I shall present a few (academic) examples where the limiting effective equation is known, but where simple "natural" expansions do not converge, and the similarity with questions about diagrams used by physicists suggests that a mathematical understanding of more general cases might clarify why some strange procedures give a reasonable result: in the same way that the theory of distributions (which Laurent Schwartz developed after the pioneering work of Sergei Sobolev and Jean Leray) clarified some strange rules proposed by Dirac (with bold uses of his "function"), it is hoped then that the future development of GTH will explain how to handle Feynman diagrams in a mathematical way, and teach how to extract meaningful mesoscopic and macroscopic information out of molecular dynamics simulation, or other techniques, whose "convergence" to a useful effective equation is not so clear at the moment.

**Johannes Zimmer**

Mathematics, University of Bath, UK

**Title:** Toward nonequilibrium: from particles to entropic gradient flows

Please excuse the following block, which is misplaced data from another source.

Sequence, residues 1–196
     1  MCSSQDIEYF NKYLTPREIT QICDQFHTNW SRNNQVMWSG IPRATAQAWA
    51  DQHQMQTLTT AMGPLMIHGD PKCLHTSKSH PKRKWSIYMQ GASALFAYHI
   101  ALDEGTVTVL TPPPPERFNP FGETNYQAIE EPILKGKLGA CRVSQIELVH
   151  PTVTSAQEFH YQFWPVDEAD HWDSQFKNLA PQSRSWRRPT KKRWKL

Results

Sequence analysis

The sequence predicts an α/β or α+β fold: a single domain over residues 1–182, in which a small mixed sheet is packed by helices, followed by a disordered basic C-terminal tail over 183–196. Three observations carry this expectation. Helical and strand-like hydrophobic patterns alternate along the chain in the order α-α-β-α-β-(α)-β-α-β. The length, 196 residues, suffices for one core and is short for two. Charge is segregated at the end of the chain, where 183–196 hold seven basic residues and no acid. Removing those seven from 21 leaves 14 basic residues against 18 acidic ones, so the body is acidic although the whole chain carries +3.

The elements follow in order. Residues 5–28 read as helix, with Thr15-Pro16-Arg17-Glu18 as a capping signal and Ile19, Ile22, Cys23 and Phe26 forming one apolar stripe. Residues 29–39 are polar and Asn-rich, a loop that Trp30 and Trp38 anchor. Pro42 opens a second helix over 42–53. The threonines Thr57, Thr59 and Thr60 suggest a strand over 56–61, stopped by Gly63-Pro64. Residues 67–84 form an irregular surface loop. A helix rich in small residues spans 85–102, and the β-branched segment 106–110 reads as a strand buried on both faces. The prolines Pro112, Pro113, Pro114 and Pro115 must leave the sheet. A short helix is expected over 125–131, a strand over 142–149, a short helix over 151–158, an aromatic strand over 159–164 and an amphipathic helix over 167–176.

**click here for a pdf of the presentation**

Nonequilibrium thermodynamics is a field where our mathematical understanding, in particular as far as averaging and scale-bridging is concerned, is at present very limited. A fundamental result by Otto and collaborators demonstrates that linear diffusion can be formulated as gradient flow of the entropy, in the Wasserstein metric. This result shows that diffusion is indeed driven by entropy, even far from equilibrium. But why the Wasserstein metric? And how can we derive this result directly from an underlying particle model? I will present a framweork in which these two questions can be answered. I will try to indicate which other results can be obtained with this approach, but also highlight current (or general?) stumbling blocks for the derivation of free energies